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Barnard College Apologizes — Asked Religious Jewish Students to Use COVID Tech During Rosh Hashanah

Barnard College’s Pandemic Response Team issued an apology for asking religious Jewish student to use technology during Rosh Hashanah to report any COVID-19 symptoms.

Jewish Journal

Aaron Bandler

September 15, 2021

Billie Grace Ward (Wikimedia Commons under the Creative Commons Attribution 2.0 Generic license)

Barnard College’s Pandemic Response Team issued an apology for asking religious Jewish student to use technology during Rosh Hashanah to report any COVID-19 symptoms.

In a September 6 email obtained by the Journal, Cynthia Yang, who heads the Response Team and is the Deputy Chief of Staff to Barnard President Seilan Beilock, wrote to students that they are getting the email because they “have identified [yourselves] as a Sabbath-observer to Barnard’s Residential Life & Housing. As a Barnard student, there are policies and procedures that you must follow relating to the College’s pandemic response … you will need to utilize technology to report new symptoms, respond quickly to a test result, and actively participate in contact tracing.”

Yang added: “We recognize that how you have practiced religious traditions in the past may not align with the use of technology during the high holy days or the Sabbath, but this year it is paramount for the community’s health and safety (as well as your own) that you abide by the Barnard pledge and follow the College’s policies and procedures. The campus communities that intersect at Barnard and Columbia cannot wait until Wednesday night for students to report symptoms or respond to a notification of a positive test. The chain of transmission can only be shortened when individuals act responsively and quickly.”

About an hour and a half later, Yang sent a subsequent email apologizing for the earlier email. “It was written in haste with the goal to keep everyone as safe as possible during the high holy days and it, regrettably, was not considerate in the way it should have been of each students’ ability to practice and observe their religion how they choose.”

“I want to make clear that Barnard is here to support students however they choose to worship the high holy days or Sabbath,” she wrote. “If you develop symptoms consistent with COVID-19 during an observant period, we encourage you to utilize technology as you feel comfortable. If this is not consistent with your religious practice, please let me clarify that we are not asking you to violate any religious belief.”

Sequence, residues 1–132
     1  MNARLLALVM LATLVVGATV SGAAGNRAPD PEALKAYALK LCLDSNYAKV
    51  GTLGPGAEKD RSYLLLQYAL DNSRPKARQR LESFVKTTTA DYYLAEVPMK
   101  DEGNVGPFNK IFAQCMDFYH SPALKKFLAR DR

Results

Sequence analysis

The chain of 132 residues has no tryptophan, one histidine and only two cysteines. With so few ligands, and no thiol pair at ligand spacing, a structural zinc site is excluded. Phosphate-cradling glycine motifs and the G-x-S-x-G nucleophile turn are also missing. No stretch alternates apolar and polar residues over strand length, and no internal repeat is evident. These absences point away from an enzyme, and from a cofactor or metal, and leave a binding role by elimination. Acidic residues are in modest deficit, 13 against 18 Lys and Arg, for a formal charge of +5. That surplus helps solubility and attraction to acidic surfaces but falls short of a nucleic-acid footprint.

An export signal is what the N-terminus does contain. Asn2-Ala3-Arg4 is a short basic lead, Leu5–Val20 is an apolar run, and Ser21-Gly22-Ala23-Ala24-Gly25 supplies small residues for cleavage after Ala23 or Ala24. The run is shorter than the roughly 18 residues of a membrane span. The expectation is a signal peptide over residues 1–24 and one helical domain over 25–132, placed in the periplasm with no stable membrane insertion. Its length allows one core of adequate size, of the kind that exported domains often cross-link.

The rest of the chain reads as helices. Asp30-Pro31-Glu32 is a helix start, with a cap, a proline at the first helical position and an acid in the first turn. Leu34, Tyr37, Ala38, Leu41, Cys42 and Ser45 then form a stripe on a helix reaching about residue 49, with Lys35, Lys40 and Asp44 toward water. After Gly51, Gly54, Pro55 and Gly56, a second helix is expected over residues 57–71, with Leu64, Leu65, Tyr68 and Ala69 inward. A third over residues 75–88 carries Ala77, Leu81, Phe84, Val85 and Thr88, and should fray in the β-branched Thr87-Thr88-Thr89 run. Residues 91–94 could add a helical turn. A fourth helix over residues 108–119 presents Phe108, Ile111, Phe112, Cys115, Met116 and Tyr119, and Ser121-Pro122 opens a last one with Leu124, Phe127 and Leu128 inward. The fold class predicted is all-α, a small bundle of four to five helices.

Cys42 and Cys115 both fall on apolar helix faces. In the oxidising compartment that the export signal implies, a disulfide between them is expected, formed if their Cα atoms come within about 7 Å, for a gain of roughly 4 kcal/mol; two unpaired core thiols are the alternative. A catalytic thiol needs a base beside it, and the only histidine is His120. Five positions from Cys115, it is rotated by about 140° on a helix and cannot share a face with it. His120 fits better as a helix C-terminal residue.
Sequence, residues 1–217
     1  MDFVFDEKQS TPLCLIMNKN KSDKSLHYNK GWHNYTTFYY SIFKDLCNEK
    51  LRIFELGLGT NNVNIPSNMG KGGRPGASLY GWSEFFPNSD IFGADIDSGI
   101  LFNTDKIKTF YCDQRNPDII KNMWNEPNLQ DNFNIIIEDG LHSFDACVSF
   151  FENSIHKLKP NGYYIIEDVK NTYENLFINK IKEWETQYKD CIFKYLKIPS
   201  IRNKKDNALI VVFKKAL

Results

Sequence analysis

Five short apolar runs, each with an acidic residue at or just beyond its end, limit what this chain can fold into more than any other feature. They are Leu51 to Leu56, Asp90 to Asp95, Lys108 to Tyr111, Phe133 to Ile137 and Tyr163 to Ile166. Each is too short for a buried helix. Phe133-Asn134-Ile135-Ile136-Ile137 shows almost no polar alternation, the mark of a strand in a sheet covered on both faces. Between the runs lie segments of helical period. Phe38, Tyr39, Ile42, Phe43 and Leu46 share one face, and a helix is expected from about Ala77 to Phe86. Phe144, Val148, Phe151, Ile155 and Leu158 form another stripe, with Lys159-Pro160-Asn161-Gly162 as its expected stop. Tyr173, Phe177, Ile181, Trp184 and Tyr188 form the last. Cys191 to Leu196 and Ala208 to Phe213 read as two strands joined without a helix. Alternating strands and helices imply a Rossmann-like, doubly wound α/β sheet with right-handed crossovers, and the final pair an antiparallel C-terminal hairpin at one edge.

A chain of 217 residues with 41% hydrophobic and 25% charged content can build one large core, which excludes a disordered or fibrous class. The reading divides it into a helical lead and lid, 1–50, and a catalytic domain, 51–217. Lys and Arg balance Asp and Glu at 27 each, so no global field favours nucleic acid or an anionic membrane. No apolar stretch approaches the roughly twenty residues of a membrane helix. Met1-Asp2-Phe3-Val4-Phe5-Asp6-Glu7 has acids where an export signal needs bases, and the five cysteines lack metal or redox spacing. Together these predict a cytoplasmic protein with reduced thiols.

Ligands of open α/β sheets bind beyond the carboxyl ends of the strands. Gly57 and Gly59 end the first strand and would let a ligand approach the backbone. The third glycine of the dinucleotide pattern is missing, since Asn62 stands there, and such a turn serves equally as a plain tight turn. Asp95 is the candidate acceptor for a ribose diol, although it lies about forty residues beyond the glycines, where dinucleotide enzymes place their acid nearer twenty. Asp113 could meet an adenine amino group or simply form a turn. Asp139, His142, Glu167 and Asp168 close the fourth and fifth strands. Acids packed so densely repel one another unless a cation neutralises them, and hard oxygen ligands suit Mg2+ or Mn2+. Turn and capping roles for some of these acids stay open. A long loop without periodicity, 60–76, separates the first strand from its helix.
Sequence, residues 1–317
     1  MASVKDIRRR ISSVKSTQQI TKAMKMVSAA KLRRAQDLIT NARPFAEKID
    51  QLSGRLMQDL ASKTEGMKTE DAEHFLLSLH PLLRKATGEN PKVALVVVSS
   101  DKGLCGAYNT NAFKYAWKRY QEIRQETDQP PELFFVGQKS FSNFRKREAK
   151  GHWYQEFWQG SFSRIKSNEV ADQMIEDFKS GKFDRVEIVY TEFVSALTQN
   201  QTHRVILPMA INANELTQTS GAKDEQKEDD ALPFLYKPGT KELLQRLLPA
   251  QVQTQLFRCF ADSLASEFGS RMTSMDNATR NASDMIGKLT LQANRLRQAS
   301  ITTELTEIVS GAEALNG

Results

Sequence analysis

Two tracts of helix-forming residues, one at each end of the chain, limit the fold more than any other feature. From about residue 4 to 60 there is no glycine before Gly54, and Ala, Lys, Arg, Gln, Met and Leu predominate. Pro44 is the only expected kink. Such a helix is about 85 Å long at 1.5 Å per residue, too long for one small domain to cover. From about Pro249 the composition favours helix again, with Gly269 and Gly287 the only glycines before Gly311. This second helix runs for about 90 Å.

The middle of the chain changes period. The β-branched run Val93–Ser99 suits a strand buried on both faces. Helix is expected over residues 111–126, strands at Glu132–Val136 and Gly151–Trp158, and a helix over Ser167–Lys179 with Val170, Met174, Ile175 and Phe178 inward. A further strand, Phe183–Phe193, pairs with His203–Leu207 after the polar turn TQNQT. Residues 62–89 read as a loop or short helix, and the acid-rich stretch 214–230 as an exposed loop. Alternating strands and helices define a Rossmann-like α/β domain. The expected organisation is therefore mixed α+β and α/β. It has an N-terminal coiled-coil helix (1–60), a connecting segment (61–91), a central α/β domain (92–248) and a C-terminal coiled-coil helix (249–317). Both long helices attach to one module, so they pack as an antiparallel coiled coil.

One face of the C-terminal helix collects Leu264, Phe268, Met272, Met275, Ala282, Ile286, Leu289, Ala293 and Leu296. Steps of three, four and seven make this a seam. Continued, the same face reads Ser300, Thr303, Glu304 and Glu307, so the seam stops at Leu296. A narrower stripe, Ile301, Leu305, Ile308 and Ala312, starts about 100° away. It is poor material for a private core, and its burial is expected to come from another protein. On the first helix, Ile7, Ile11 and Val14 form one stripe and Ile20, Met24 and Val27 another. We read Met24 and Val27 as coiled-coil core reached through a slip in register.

Yang went onto say that the Response Team worked with Columbia-Barnard Hillel to implement a system where religious Jewish students could put a sticker on their door if they started experiencing COVID-19 symptoms to avoid violating their religious beliefs.

“We are in uncharted territory dealing with a continuing COVID-19 pandemic during a new academic year,” she wrote. “We appreciate your understanding as we work to integrate the health and safety of our community with the right of students to worship and observe their religious traditions in a way that they see fit.”

StandWithUs CEO and Co-Founder Roz Rothstein said in a statement to the Journal, “We thank Barnard for recognizing its error and immediately taking appropriate action. It is regretful however, that this came as an afterthought. This is an example to universities to recognize the importance of consulting all groups on campus, including Jews, when evaluating [and] developing new policies that will significantly impact them, especially if it violates their religious beliefs.”

Jewish on Campus similarly tweeted, “The official plan of Barnard’s pandemic response team for observant Jews was to force to them break their observance. No amount of ‘haste’ makes a complete lack of respect for Jewish religious practices acceptable.”

They added in a subsequent tweet: “It’s also important to note that this entire incident could have been avoided if Barnard had actually included and listened to any Jewish students while creating a policy specifically for Jewish students.”

A spokesperson for Barnard said in a statement to the Journal, “Barnard College deeply respects the religious traditions of our diverse community. We have and will continue to make every effort to minimize exposure to, and the spread of, COVID-19. Upon learning that a member of our community had tested positive for the virus, we sent an email suggesting immediate steps to safeguard everyone’s health by referring students to our standard health and safety protocols, which require the use of a cell phone. We have since worked closely with Columbia/Barnard Hillel to make alternative arrangements (not involving electronic devices) for any student who cannot use technology based on their religious traditions.”

Brian Cohen, Lavine Family Executive Director at Columbia-Barnard Hillel, confirmed that the Hillel had worked with Barnard on the matter and that the “new policy is now in place.”

Read the full article here.


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